- A federal judge struck down a lawsuit filed by six states seeking to challenge student-debt relief.
- It was regarded as one of the most serious challenges to the loan forgiveness plan.
- The GOP-led states could still appeal the case, but for now, Biden’s debt relief can move forward.
Republicans seeking to block President Joe Biden’s student-loan forgiveness just got dealt a major blow after a federal judge threw out their case.
Last week, Missouri US District Judge Henry Edward Autrey heard oral arguments from six Republican-led states who filed a lawsuit against Biden’s student-debt relief, arguing that the loan forgiveness would hurt their states’ tax revenues, along with the business operations of Missouri-based student-loan company MOHELA.
The suit was regarded as one of the most serious cases challenging the debt relief plan. But on Thursday evening, their case was struck down, with the judge ruling it would be dismissed due to “lack of jurisdiction.”
Autrey said that the plaintiffs failed to show concrete harm the debt relief would cause them and will no longer consider the case. Still, they could take their lawsuit to the 8th Circuit Court of Appeals, where it will likely face a panel of conservative judges.
This was at least the third major lawsuit seeking to block debt relief that judges have struck down. Most recently, the Cato Institute — a Koch-backed libertarian think-tank — filed a lawsuit on Tuesday against Biden’s debt cancellation because it would undermine recruiting through the Public Service Loan Forgiveness (PSLF) program, joining at least six other major lawsuits filed by conservative groups so far.
Biden’s administration has not been deterred by these legal challenges. Right before Autrey’s Thursday ruling, Supreme Court Justice Amy Coney Barrett dismissed another request by a conservative group seeking to impose a pause on the implementation of debt relief.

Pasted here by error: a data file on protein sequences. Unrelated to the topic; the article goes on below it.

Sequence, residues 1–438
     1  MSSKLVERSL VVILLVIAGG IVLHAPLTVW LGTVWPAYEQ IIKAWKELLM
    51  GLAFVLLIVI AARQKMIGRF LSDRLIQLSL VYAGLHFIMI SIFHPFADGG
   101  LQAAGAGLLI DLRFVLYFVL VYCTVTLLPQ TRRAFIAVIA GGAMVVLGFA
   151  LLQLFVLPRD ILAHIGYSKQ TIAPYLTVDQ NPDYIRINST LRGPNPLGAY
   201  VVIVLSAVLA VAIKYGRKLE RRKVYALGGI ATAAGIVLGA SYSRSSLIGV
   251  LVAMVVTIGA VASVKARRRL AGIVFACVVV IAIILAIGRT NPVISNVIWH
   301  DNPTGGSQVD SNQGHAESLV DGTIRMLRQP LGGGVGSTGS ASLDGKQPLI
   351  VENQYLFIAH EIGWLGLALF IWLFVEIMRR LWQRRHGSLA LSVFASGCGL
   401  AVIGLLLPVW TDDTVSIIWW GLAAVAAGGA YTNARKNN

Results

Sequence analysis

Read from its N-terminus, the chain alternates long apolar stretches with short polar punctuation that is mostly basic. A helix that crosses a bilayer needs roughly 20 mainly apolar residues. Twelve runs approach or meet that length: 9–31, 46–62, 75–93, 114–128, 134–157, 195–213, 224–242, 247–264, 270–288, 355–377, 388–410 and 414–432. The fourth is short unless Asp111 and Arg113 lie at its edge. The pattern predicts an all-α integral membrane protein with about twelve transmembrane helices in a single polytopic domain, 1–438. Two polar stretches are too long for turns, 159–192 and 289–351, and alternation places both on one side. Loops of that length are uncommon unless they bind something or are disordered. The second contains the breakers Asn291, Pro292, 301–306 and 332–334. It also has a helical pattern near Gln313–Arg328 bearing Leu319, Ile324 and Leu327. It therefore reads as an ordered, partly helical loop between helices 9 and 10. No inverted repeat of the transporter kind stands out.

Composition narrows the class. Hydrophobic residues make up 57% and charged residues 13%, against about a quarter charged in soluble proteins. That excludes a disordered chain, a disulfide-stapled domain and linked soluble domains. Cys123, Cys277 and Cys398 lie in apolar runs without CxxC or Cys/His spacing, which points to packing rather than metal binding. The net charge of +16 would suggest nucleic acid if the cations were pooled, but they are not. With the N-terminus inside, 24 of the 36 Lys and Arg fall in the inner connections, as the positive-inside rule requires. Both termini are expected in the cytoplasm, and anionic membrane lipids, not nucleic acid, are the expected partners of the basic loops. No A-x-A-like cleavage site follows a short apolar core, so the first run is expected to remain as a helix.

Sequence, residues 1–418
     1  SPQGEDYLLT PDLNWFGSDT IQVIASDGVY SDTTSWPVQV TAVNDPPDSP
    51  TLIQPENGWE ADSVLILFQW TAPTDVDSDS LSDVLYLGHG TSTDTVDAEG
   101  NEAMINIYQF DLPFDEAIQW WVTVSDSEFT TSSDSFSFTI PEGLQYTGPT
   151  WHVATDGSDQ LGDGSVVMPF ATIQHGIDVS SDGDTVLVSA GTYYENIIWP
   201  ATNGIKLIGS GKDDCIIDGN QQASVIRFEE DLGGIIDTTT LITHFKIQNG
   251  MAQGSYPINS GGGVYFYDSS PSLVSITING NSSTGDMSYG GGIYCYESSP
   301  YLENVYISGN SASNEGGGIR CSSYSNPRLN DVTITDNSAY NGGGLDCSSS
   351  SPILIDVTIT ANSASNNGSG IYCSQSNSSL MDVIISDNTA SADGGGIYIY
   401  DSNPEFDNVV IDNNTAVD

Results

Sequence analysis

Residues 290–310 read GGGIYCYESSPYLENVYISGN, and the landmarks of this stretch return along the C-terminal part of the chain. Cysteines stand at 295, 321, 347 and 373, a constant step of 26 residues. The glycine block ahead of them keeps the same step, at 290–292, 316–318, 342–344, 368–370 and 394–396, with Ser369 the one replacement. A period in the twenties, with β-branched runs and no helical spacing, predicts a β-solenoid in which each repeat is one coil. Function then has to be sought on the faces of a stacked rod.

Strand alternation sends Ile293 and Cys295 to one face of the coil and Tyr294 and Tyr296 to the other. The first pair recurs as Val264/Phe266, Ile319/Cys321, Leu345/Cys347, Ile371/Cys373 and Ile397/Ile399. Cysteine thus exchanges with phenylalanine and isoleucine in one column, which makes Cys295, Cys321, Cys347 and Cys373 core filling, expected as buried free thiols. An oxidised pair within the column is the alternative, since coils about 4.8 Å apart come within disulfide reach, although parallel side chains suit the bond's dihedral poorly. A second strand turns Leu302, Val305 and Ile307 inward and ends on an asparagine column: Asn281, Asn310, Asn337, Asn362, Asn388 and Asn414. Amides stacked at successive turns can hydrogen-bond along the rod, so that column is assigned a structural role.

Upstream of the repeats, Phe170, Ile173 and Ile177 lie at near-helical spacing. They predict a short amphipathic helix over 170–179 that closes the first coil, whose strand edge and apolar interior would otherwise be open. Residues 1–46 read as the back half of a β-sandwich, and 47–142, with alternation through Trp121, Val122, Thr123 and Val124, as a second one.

This all comes after Biden on Monday officially launched the application for up to $20,000 in student-loan forgiveness, which requires borrowers to fill out basic information like their names, emails, and Social Security numbers on an online form.
The dismissal of the Republican states’ lawsuit should also be welcome news to borrowers and lawmakers who questioned loan company MOHELA’s involvement in the case. On Tuesday, Missouri Rep. Cori Bush wrote a letter to the CEO of the company requesting further information on the extent to which it was involved in the legal challenge, and how it would impact the borrowers it serves.
“It is unconscionable that your company — as one of the largest student loan companies in the world—would be involved in overtly political efforts to rob millions of their right to student loan debt relief,” Bush wrote.
Another conservative lawsuit filed by the Job Creators Network is expected to go to court next week, but for now, borrowers can continue applying for relief through the online application at studentaid.gov.
“Today, a federal judge confirmed what lawyers in and out of government have long known: Joe Biden can cancel student debt broadly and immediately,” Mike Pierce, executive director of advocacy group Student Borrower Protection Center, said in a statement. “As right-wing politicians and corrupt corporations fight against this historic effort to deliver life-changing debt relief to tens of millions of families, borrowers have their clearest sign yet that the law is on their side.”